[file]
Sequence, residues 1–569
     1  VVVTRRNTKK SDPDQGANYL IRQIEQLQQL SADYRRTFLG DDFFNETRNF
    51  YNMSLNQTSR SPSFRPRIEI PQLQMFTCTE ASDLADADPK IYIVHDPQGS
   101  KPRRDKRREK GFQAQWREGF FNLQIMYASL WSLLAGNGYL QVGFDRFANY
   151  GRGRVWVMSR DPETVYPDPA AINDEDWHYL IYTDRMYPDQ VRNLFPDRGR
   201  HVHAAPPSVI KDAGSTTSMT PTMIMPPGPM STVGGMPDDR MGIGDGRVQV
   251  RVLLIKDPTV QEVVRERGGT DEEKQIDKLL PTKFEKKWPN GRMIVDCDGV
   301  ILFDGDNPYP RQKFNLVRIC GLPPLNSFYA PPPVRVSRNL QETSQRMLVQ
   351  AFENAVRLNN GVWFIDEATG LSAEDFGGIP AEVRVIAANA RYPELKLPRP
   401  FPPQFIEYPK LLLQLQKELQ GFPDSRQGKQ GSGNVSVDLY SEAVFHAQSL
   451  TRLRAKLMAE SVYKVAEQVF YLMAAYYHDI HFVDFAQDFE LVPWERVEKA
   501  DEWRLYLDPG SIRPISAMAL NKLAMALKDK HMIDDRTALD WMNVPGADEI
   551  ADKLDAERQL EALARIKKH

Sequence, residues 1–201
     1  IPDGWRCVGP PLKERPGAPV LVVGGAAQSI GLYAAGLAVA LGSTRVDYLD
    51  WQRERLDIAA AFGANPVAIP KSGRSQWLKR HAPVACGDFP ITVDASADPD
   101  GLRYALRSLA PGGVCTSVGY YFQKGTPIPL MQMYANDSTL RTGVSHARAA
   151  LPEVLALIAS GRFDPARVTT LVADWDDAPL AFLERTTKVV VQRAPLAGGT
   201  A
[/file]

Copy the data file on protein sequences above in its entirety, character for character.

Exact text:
Sequence, residues 1–569
     1  VVVTRRNTKK SDPDQGANYL IRQIEQLQQL SADYRRTFLG DDFFNETRNF
    51  YNMSLNQTSR SPSFRPRIEI PQLQMFTCTE ASDLADADPK IYIVHDPQGS
   101  KPRRDKRREK GFQAQWREGF FNLQIMYASL WSLLAGNGYL QVGFDRFANY
   151  GRGRVWVMSR DPETVYPDPA AINDEDWHYL IYTDRMYPDQ VRNLFPDRGR
   201  HVHAAPPSVI KDAGSTTSMT PTMIMPPGPM STVGGMPDDR MGIGDGRVQV
   251  RVLLIKDPTV QEVVRERGGT DEEKQIDKLL PTKFEKKWPN GRMIVDCDGV
   301  ILFDGDNPYP RQKFNLVRIC GLPPLNSFYA PPPVRVSRNL QETSQRMLVQ
   351  AFENAVRLNN GVWFIDEATG LSAEDFGGIP AEVRVIAANA RYPELKLPRP
   401  FPPQFIEYPK LLLQLQKELQ GFPDSRQGKQ GSGNVSVDLY SEAVFHAQSL
   451  TRLRAKLMAE SVYKVAEQVF YLMAAYYHDI HFVDFAQDFE LVPWERVEKA
   501  DEWRLYLDPG SIRPISAMAL NKLAMALKDK HMIDDRTALD WMNVPGADEI
   551  ADKLDAERQL EALARIKKH

Sequence, residues 1–201
     1  IPDGWRCVGP PLKERPGAPV LVVGGAAQSI GLYAAGLAVA LGSTRVDYLD
    51  WQRERLDIAA AFGANPVAIP KSGRSQWLKR HAPVACGDFP ITVDASADPD
   101  GLRYALRSLA PGGVCTSVGY YFQKGTPIPL MQMYANDSTL RTGVSHARAA
   151  LPEVLALIAS GRFDPARVTT LVADWDDAPL AFLERTTKVV VQRAPLAGGT
   201  A